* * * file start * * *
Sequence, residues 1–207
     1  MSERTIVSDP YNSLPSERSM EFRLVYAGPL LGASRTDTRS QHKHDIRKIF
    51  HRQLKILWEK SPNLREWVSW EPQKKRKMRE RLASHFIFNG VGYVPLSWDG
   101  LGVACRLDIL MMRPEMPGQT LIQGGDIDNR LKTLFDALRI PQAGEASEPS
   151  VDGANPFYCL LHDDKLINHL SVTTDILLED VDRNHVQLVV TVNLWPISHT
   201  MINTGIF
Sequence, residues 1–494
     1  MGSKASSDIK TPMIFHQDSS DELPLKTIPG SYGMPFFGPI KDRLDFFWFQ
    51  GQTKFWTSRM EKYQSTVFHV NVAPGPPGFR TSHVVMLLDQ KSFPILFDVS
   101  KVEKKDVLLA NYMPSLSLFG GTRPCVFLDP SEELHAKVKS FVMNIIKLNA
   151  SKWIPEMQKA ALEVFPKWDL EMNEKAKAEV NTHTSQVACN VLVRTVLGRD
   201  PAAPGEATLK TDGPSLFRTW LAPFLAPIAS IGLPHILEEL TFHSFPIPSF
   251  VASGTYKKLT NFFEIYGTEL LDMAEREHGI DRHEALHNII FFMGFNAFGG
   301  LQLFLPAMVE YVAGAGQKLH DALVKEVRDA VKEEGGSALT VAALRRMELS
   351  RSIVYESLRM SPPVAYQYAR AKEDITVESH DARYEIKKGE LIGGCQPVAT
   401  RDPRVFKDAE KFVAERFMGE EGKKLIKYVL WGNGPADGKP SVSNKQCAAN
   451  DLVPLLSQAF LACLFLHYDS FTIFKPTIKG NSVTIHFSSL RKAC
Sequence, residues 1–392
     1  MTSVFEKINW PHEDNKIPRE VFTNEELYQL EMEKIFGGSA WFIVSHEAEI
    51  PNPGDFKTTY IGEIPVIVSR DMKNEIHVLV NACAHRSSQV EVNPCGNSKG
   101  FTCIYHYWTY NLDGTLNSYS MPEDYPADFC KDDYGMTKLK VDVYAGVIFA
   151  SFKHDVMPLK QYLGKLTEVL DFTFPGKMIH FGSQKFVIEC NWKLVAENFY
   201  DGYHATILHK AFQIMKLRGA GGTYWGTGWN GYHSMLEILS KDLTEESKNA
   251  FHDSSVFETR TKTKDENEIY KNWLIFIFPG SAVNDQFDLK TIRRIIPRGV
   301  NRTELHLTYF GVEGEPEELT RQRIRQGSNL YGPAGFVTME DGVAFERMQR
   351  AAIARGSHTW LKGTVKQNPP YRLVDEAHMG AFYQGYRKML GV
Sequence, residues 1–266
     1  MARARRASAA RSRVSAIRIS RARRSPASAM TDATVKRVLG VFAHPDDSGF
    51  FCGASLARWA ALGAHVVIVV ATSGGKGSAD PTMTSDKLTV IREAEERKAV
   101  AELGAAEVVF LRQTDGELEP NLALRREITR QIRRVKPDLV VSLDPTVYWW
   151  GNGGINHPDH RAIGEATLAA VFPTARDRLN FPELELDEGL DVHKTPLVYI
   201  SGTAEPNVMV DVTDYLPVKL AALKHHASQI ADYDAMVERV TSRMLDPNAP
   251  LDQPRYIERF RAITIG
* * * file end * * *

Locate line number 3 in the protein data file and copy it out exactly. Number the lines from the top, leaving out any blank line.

    51  HRQLKILWEK SPNLREWVSW EPQKKRKMRE RLASHFIFNG VGYVPLSWDG